However the context is critical. Extrapolation of the figures, published by mental health charity Mind, means that at least 11,000 people across the country were not given follow-up care – or the courtesy of a reassuring telephone call.
These are not patients recovering from fractures, or other injuries and illnesses, where time is the best healer of all. These are fragile individuals, often irrational, whose very vulnerability and torments make them a danger to not only themselves, but to others as well. Given that National Institute for Health and Clinical Excellence guidelines clearly state that individuals should be seen again within seven days, or 48 hours if deemed to be a suicide risk, too much is being left to chance. At the very least, all concerned should receive a phone consultation within two days and have the necessary contacts in the event of an emergency.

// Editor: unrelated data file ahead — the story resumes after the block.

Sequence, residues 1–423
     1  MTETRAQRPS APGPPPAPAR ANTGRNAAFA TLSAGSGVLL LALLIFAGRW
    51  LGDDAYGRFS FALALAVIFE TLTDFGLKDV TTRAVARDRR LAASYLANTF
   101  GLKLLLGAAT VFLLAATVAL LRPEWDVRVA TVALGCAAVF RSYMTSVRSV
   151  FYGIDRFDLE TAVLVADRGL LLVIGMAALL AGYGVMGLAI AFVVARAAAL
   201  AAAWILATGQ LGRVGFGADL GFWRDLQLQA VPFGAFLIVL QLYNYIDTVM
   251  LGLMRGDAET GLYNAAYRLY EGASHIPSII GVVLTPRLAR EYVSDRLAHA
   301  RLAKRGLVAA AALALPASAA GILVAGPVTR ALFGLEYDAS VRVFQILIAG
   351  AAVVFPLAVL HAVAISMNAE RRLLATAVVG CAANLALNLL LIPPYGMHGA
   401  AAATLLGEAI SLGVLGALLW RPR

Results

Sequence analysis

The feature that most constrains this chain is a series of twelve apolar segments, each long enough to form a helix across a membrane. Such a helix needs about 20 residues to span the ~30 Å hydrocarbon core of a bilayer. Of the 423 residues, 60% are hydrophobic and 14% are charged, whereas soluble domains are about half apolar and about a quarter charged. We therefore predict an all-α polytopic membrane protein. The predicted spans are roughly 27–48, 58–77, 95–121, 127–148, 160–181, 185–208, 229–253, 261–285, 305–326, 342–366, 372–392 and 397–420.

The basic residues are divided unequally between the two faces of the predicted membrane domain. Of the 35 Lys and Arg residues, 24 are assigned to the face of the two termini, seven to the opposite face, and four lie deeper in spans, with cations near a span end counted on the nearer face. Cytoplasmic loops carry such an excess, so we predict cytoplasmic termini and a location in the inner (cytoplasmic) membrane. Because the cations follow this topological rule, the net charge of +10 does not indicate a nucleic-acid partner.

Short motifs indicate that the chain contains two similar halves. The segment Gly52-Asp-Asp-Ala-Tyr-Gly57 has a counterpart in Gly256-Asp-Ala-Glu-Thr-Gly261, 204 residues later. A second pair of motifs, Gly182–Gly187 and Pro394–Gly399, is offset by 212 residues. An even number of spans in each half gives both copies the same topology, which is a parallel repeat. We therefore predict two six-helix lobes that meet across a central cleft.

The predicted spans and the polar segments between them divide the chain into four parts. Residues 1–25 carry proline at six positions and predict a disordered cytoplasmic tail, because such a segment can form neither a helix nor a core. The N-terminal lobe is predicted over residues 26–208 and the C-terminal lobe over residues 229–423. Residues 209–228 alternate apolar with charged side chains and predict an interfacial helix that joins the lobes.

Yet, with instances of young mental health patients having to travel from Hull to Manchester for treatment, this is another reminder that the Government – and NHS – need to invest significantly more resources in this Cinderella service and reverse previous cuts that were about as short-sighted as Beeching’s blueprint for the railways. It makes sense. Better community care will lessen the burden on hospitals and GP surgeries who will not always possess the psychological skills that patients require. Theresa May accepts this, but there’s clearly much work still to do.